MINNEAPOLIS — Three alleged members of a violent American Indian gang known for terrorizing people in the Upper Midwest were convicted Tuesday in what authorities called one of the largest gang cases to come out of Indian Country.
An alleged leader of the Native Mob, 34-year-old Wakinyon Wakan McArthur, was found guilty on several charges including the most serious one he faced, racketeering conspiracy. But he was acquitted on an attempted murder charge that stemmed from the shooting of another man that prosecutors said McArthur ordered.
Two alleged gang "soldiers" – Anthony Francis Cree, 26, and William Earl Morris, 25 – were both convicted of attempted murder in aid of racketeering, in addition to other charges. Morris was the only defendant cleared of racketeering, a charge often used by prosecutors to target mobsters and organized crime.
A sentencing date has not yet been set, but all three men face a maximum of between 20 years and life in prison, according to the U.S. attorney's office. The men were the only defendants who didn't accept plea deals after 25 people were originally charged in a 57-count indictment.
Prosecutors said the case was important not only because of its size, but because the racketeering charge is a tool rarely used against gangs – indicating the case was an attempt to take down the entire enterprise.
"The verdicts reflect the seriousness of the crimes that were being committed by the Native Mob, which includes not only drug trafficking, but discharging of firearms at innocent people, and trafficking firearms, and basically wreaking havoc through communities throughout the state of Minnesota," Assistant U.S. Attorney Andrew Winter said after the verdicts were read.
Winter said authorities have "conservative confidence" that they put a serious dent in the Native Mob but that investigations will continue.
Defense attorneys had said the government's case was overblown, and that while gang members may have committed individual crimes, there was no evidence to support racketeering charges alleging the trio was part of a large, organized criminal group.
McArthur's attorney, Frederick Goetz, said his client's acquittal for attempted murder indicates the jury recognized the three defendants' culpabilities varied.
"It was a mixed result for a mixed verdict," Goetz said, adding that he would likely appeal.
Cree's attorney, John Brink, said he would raise the issue of inconsistent verdicts on appeal.
Morris' attorney, Tom Schiah, cited the same issue but added that he was glad Morris was acquitted of the racketeering charge. Still, Schiah acknowledged his client was "looking at a boatload of time."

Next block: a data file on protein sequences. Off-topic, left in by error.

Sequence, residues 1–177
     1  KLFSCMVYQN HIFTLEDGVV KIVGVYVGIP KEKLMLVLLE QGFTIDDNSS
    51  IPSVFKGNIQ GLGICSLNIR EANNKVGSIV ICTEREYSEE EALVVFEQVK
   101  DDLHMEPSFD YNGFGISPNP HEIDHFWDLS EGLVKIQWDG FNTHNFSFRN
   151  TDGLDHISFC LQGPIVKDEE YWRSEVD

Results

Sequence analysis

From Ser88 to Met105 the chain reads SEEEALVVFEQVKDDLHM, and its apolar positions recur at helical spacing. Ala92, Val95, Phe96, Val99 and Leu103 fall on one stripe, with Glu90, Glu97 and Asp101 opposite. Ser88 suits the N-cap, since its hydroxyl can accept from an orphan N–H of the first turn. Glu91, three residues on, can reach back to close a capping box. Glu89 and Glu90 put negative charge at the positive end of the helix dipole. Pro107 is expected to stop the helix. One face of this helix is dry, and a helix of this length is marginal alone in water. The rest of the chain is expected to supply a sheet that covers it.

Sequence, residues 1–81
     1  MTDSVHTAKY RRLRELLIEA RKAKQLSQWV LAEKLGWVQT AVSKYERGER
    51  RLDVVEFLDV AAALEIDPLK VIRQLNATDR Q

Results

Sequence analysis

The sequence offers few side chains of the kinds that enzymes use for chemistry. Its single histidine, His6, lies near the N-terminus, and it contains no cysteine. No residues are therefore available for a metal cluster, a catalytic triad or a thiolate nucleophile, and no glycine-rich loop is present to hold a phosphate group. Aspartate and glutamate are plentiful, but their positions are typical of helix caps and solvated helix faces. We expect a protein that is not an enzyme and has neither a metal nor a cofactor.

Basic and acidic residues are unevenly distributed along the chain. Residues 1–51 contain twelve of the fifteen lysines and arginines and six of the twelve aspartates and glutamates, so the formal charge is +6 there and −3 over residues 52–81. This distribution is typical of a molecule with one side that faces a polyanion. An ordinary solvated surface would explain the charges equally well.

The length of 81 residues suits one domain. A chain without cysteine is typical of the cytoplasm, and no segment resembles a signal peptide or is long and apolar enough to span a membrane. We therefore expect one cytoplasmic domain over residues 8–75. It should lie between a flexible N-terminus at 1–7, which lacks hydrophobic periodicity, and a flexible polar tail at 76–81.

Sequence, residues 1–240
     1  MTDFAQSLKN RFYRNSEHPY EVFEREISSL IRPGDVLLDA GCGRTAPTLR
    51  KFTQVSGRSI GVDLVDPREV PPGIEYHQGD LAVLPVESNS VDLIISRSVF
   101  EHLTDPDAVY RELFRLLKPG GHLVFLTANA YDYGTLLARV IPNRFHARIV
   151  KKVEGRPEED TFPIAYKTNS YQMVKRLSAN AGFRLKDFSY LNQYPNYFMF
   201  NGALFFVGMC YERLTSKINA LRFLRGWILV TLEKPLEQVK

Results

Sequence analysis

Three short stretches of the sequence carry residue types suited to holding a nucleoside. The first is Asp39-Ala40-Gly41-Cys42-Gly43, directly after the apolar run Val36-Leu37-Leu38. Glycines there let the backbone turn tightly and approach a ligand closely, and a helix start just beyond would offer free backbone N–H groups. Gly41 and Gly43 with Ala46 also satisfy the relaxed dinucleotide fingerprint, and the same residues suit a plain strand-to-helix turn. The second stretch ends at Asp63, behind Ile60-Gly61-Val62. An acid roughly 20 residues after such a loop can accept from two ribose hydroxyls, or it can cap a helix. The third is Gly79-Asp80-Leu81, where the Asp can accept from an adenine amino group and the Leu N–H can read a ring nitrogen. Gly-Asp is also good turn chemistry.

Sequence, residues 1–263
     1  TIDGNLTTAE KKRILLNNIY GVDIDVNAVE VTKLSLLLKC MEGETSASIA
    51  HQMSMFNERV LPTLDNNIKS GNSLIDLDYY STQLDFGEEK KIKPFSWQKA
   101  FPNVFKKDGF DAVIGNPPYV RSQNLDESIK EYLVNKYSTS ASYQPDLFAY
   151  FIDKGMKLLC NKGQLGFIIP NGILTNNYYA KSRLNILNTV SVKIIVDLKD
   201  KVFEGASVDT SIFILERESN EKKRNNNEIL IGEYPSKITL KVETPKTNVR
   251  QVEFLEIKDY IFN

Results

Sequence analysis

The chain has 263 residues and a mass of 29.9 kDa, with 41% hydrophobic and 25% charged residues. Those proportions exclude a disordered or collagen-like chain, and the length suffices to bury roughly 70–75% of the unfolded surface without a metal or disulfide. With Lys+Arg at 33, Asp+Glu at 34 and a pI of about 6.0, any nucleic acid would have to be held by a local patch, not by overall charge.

The 2011 National Gang Threat Assessment called the Native Mob one of the largest and most violent American Indian gangs in the U.S., most active in Minnesota and Wisconsin but also in Michigan, North Dakota and South Dakota. It is made up of mostly American Indian men and boys, and started in Minneapolis in the 1990s as members fought for turf to deal drugs. The Native Mob is also active in prison.
The Native Mob had about 200 members, with a structure that included monthly meetings where members were encouraged to assault or kill enemies, or anyone who showed disrespect, according to the indictment. Authorities said McArthur was a "chief" of the Native Mob, and directed other members to carry out beatings, shootings and other violent acts to intimidate rivals.
Prosecutors said that in 2010, Morris tried to kill a man by shooting him multiple times while he was with his 5-year-old daughter. The indictment said the shooting was done at McArthur's bidding.
Although McArthur was cleared of the attempted murder charge stemming from that allegation, jurors also convicted him of distributing and conspiracy to distribute drugs and using a firearm in a violent crime. He was acquitted of assault with a dangerous weapon in the aid of racketeering and using a firearm in a violent crime.
Along with the attempted murder charge, Cree and Morris were each convicted of assault with a dangerous weapon in aid of racketeering and using a firearm in a violent crime. Cree also was found guilty of conspiracy to distribute drugs, while Morris was convicted of being a felon in possession of a firearm.
In his closing argument last week, Winter told jurors there was no question the Native Mob was a criminal enterprise, complete with rules, defined roles and bylaws. He said the gang's racketeering activity included drug trafficking, attempted murder, murder and witness retaliation.
"When you have a criminal organization, witnesses become a problem," Winter said. "To make money, the reputation of the Native Mob has to be intact, and when the reputation is threatened, it has to be protected."
Goetz said during closing arguments that the case was one of monumental overreach.
Christopher Grant, a national Native American gang specialist in South Dakota, has said there are hundreds of American Indian gangs nationwide. Most, he said, are loosely organized and might have as few as five members, but that he considered the Native Mob to be the most organized, violent and predatory in Indian Country.
The trial, which began in January, included nearly 1,000 exhibits and 180 witnesses.
Associated Press writer Amy Forliti contributed to this story.